A new hope surfaces for salmon restoration
This is the second feature in a five-part series that follows an Atlantic salmon on its journey upstream to spawn in a tributary of Lake Champlain driven by its instincts (and a pickup truck). Learn why this species disappeared from the lake in the 19th century, and how it is making a comeback today thanks to collaboration by partners in the basin.
“Welcome to the Winooski River!” U.S. Fish and Wildlife Service Fish Biologist Nicholas Staats beamed as he shook my hand on the walkway atop the Winooski One Dam in Winooski, Vt. Behind him, a white board announced that 75 salmon had been lifted to date this season. I was about to find out what that meant.
“I’ve got fish in here,” Staats said, tapping the metal hopper that serves as the “lift” — an elevator that fish swim into at the base of the dam for a ride to the top. “I’ll be taking them out of the box with my net,” he said, warning, “They’re going to splash; they’re going to wiggle.”
Staats scooped a fish from the hopper, weighed it, and set it on a table for an assessment while dam operator Jon Clark, who collaborates with the Service, recorded the data. Then he placed the fish in a tank in the back of a pickup truck to be shuttled upstream, just like the salmon I encountered in the Boquet River on the New York-side of the lake.
There are an estimated 442 dams and 13,822 culverts in the Lake Champlain Basin, not including its Canadian tributaries. For the local, state, nonprofit, and federal partners who are working together to bring Atlantic salmon back to the basin, these obstacles have become primary targets for advancing the restoration program toward a goal that once seemed unreachable: natural reproduction. If salmon cannot move up and downstream for seasonal migrations, they cannot complete their natural life cycles. End of story.
So wherever possible, dams and culverts are being removed to open access to upstream habitat, as in Willsboro, N.Y., where partners joined forces to take down an obsolete dam on the Boquet that last powered a paper mill long ago.
But some dams still play important roles in their communities; Winooski One generates 30 million kWh of hydropower annually — enough to power more than 2,700 homes for an entire year. Removing it is neither feasible, nor desirable. So what’s a salmon to do? Take the elevator, of course.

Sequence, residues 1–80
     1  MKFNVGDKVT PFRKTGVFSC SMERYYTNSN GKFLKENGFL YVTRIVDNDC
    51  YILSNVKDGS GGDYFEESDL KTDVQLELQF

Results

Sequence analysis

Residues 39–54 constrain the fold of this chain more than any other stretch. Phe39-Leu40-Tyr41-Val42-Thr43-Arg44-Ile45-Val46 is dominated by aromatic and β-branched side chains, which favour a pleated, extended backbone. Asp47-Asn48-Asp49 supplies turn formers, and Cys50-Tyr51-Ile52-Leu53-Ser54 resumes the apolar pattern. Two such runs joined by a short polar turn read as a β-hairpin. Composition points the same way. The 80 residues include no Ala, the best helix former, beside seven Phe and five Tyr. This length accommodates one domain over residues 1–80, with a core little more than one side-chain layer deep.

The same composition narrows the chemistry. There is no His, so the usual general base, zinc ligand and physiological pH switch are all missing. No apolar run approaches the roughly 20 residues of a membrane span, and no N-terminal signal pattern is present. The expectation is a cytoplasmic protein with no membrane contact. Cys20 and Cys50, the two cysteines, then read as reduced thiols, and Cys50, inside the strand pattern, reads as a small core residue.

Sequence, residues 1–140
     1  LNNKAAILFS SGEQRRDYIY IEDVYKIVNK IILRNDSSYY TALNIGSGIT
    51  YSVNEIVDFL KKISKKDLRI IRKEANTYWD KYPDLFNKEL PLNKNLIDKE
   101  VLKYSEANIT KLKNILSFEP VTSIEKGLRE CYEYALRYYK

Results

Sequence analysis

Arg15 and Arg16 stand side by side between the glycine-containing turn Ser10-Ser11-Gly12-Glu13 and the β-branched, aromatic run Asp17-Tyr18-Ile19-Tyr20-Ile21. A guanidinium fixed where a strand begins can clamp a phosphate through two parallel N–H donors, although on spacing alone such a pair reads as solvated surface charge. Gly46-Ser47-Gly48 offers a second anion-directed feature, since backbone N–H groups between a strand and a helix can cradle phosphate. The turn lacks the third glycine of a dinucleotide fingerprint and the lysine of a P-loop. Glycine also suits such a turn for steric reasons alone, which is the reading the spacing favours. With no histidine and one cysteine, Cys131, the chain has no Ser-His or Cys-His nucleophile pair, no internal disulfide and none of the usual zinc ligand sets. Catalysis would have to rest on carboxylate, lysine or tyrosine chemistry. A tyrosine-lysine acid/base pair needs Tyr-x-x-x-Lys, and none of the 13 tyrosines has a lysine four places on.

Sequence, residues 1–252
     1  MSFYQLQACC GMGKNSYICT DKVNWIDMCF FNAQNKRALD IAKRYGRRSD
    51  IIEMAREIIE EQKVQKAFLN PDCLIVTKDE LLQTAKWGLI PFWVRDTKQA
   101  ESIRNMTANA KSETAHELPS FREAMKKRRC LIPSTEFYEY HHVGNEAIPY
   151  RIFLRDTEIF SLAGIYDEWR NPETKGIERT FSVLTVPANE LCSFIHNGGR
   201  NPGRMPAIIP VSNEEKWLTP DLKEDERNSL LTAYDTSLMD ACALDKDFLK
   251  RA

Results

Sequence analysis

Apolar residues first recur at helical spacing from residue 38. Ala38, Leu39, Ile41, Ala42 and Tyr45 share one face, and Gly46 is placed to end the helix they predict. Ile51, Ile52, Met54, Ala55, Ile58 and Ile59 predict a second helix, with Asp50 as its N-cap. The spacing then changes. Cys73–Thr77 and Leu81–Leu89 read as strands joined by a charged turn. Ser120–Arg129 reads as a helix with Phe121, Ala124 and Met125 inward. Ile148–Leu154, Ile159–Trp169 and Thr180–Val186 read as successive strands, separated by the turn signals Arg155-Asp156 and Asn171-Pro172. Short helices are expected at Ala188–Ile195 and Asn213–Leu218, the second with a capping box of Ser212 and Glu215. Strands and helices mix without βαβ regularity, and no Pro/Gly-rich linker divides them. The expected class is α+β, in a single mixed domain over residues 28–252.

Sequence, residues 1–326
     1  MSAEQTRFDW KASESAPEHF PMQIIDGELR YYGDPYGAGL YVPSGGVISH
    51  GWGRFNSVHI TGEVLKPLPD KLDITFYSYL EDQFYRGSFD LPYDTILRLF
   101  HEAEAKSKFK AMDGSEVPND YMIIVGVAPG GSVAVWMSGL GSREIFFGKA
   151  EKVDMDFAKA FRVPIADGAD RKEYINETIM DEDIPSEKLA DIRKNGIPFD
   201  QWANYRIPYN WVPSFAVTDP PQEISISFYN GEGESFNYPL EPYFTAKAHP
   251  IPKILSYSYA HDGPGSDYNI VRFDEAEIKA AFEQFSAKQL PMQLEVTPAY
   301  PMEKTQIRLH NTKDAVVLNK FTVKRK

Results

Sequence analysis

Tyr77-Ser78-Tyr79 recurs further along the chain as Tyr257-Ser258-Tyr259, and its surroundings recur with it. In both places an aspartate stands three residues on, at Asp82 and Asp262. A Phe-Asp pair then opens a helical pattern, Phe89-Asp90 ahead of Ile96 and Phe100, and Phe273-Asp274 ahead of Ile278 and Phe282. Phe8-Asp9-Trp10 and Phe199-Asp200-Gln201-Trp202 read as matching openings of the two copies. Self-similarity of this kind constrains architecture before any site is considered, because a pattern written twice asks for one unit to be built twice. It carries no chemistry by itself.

Established in 1993 in cooperation with Burlington Electric and Green Mountain Power, the “Trap and Truck” fish passage program gives salmon access to more than 20 miles of habitat in the upper Winooski and its tributaries. Like the removal of the Willsboro Dam, it’s another great example of the collaboration taking place around the basin to get salmon beyond barriers. It’s also a great photo opp for local media. “I think there are about 40 pictures of Nick holding a salmon at the lift,” joked Bill Ardren, Senior Fish Biologist at the Service’s Lake Champlain Fish and Wildlife Conservation Office. Make that 41.
But now partners have another reason to consider the operation a success, and an indication that the restoration program is moving forward. “This summer we documented natural reproduction from the fish that were brought upstream in the Winooski for the first time in probably 200 years,” said Ardren.
For biologists, this is a triumph. For anyone else, it sure sounds like a good thing, but it probably demands a little context. When the salmon restoration effort got underway in the 1970s, there were no salmon left in the lake. Zero. Going from zero to a viable fishery required seeding the lake with salmon, and then letting nature do its thing.
The Service worked with the Vermont Department of Fish and Wildlife to start raising salmon from a strain originating in Sebago Lake, Me. — home of one of the last remaining native populations of landlocked Atlantic salmon in the United States. Today salmon are produced in both state and federal hatcheries in the Lake Champlain Basin: the Dwight D. Eisenhower National Fish Hatchery in North Chittenden, Vt., the White River National Fish Hatchery in Bethel, Vt., the Ed Weed Fish Culture Station in Grand Isle, Vt., and the Adirondack Fish Hatchery in Saranac Lake, N.Y.
“We work together to share the fish production and other work on the lake, such as sampling and assessment, so we know how our fish are doing out there,” explained Henry Bouchard, the manager of the Eisenhower hatchery, which produces 130,000 salmon for Lake Champlain every year (including my salmon).
At this point, it would be appropriate to ask: If hundreds of thousands of salmon have been stocked in Lake Champlain since the 1970s, why didn’t partners find a single natural-born fry until 2016? Shouldn’t nature have been doing its thing by now?